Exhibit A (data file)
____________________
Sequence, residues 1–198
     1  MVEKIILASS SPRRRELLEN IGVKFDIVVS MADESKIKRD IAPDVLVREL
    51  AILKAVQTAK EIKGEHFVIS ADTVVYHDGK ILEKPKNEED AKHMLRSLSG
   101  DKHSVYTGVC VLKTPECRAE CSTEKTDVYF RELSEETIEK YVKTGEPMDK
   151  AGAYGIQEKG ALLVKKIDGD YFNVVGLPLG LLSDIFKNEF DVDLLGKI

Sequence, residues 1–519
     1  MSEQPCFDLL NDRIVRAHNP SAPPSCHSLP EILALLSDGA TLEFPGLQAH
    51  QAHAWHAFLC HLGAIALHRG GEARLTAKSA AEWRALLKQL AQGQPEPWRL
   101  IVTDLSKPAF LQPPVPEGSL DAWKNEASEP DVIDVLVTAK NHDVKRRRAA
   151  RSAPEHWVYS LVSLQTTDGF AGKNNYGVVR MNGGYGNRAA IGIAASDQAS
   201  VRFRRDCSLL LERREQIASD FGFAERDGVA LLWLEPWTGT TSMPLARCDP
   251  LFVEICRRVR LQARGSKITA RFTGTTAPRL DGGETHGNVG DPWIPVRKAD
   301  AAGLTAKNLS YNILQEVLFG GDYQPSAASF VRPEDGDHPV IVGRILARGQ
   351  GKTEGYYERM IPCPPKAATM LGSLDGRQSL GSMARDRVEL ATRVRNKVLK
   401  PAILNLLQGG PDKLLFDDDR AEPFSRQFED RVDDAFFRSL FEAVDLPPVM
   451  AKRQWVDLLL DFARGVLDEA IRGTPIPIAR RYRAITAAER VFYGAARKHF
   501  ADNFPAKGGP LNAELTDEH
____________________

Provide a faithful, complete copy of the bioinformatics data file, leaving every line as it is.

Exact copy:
Sequence, residues 1–198
     1  MVEKIILASS SPRRRELLEN IGVKFDIVVS MADESKIKRD IAPDVLVREL
    51  AILKAVQTAK EIKGEHFVIS ADTVVYHDGK ILEKPKNEED AKHMLRSLSG
   101  DKHSVYTGVC VLKTPECRAE CSTEKTDVYF RELSEETIEK YVKTGEPMDK
   151  AGAYGIQEKG ALLVKKIDGD YFNVVGLPLG LLSDIFKNEF DVDLLGKI

Sequence, residues 1–519
     1  MSEQPCFDLL NDRIVRAHNP SAPPSCHSLP EILALLSDGA TLEFPGLQAH
    51  QAHAWHAFLC HLGAIALHRG GEARLTAKSA AEWRALLKQL AQGQPEPWRL
   101  IVTDLSKPAF LQPPVPEGSL DAWKNEASEP DVIDVLVTAK NHDVKRRRAA
   151  RSAPEHWVYS LVSLQTTDGF AGKNNYGVVR MNGGYGNRAA IGIAASDQAS
   201  VRFRRDCSLL LERREQIASD FGFAERDGVA LLWLEPWTGT TSMPLARCDP
   251  LFVEICRRVR LQARGSKITA RFTGTTAPRL DGGETHGNVG DPWIPVRKAD
   301  AAGLTAKNLS YNILQEVLFG GDYQPSAASF VRPEDGDHPV IVGRILARGQ
   351  GKTEGYYERM IPCPPKAATM LGSLDGRQSL GSMARDRVEL ATRVRNKVLK
   401  PAILNLLQGG PDKLLFDDDR AEPFSRQFED RVDDAFFRSL FEAVDLPPVM
   451  AKRQWVDLLL DFARGVLDEA IRGTPIPIAR RYRAITAAER VFYGAARKHF
   501  ADNFPAKGGP LNAELTDEH